On April 1, 2022 Census records from 1950 was released to the public after awaiting the "72 Year Rule." A rule put in place in 1952 to protect the privacy of individuals listed in the Census. To read more about this new release, visit this website.
You can search through the Census freely online. Websites and databases, like Ancestry and FamilySearch, will have the 1950 Census records available, however, it will take some time to fully index the records and make them fully discoverable. Until then, the website listed below is the best place to research family records.
The Decennial Census:
The federal census has been taken every 10 years (decennially) since 1790. The taking of the census is established in Article 1, Section 2 of the United States Constitution. The most recent decennial census for which data is available was taken in 2020.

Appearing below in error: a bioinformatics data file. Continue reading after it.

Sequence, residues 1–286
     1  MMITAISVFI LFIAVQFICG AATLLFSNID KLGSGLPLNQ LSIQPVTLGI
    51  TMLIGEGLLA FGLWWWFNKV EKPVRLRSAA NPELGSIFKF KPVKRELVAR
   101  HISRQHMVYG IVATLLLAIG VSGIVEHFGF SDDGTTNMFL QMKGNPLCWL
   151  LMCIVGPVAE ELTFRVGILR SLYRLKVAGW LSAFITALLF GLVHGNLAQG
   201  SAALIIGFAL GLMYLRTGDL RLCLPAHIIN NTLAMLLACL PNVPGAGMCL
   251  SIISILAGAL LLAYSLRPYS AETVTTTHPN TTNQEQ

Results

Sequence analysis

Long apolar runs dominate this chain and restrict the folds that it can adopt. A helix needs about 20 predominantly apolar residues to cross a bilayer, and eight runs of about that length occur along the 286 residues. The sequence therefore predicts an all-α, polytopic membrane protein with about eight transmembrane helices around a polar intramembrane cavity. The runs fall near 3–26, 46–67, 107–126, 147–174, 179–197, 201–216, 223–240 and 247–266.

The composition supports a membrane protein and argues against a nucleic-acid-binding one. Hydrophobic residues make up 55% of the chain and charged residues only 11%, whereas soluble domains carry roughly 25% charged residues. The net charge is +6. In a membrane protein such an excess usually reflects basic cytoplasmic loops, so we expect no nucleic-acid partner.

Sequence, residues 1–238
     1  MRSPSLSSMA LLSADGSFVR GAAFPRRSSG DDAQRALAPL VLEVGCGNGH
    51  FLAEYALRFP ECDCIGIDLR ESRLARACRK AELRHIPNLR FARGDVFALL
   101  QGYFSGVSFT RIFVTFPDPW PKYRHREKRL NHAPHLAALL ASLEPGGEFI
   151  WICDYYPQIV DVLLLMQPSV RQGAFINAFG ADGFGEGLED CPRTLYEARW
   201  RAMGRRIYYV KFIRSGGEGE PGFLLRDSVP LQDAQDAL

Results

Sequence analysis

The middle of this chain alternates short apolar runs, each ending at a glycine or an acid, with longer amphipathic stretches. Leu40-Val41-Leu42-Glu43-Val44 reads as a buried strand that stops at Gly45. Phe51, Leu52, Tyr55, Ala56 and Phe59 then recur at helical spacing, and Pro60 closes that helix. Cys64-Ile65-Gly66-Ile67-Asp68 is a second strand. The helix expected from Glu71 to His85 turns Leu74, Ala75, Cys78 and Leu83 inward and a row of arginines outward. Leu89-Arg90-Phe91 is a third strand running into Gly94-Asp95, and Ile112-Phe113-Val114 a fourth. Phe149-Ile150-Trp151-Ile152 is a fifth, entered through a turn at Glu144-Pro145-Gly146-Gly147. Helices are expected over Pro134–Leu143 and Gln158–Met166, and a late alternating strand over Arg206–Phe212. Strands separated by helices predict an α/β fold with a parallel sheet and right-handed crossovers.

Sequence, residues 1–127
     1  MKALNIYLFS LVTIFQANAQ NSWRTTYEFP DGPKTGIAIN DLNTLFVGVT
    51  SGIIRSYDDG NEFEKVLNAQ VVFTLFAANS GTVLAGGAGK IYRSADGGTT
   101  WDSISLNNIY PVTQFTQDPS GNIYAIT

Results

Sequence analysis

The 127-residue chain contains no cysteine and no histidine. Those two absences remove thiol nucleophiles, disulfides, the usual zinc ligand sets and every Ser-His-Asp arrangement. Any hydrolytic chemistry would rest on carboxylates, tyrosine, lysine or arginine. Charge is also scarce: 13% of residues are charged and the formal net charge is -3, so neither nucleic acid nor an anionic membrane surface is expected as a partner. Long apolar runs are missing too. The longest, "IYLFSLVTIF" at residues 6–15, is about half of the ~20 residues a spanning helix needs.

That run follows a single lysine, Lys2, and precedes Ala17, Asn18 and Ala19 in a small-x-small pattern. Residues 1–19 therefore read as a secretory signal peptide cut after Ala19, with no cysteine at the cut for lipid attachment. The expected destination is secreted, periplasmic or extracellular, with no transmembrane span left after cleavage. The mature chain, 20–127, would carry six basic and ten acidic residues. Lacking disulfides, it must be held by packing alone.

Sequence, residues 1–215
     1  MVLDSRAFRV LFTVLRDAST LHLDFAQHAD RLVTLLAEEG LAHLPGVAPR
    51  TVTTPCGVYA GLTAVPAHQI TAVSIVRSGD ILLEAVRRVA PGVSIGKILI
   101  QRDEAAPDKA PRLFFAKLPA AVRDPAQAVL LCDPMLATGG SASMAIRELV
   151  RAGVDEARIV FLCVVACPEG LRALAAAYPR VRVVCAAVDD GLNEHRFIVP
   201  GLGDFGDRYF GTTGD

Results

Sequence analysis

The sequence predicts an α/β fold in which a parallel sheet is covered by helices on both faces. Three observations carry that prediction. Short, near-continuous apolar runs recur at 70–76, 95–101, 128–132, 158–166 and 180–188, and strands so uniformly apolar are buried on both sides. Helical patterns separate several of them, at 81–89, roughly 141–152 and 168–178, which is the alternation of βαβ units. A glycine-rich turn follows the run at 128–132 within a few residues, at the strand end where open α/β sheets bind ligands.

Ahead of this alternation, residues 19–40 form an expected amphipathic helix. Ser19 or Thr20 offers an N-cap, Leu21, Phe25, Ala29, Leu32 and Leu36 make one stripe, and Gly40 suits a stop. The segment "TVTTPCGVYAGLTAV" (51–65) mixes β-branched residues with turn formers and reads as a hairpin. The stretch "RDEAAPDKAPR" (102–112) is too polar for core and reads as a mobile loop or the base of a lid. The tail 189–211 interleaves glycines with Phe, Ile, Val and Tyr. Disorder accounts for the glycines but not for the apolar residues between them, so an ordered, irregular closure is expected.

The Census has changed greatly over time. The first Census in 1790 did little more than count population, over the years it has grown to include many other types of information. Many questions and terminology (e.g. racial categories) have changed over time as well.
The Long Form and the American Community Survey:
Over time Congress became concerned that there were too many questions. In 1940 the Long Form was created as a way of finding out more detailed information (e.g. questions on income and educational attainment) from a sample of the population. The long form of the Census was sent to 1 in 6 households. The 2000 Census was the last time the long form was used. Since 2000, the American Community Survey has replaced the long form. The American Community Survey is an ongoing survey of a sample population that will provide us with detailed and more current information.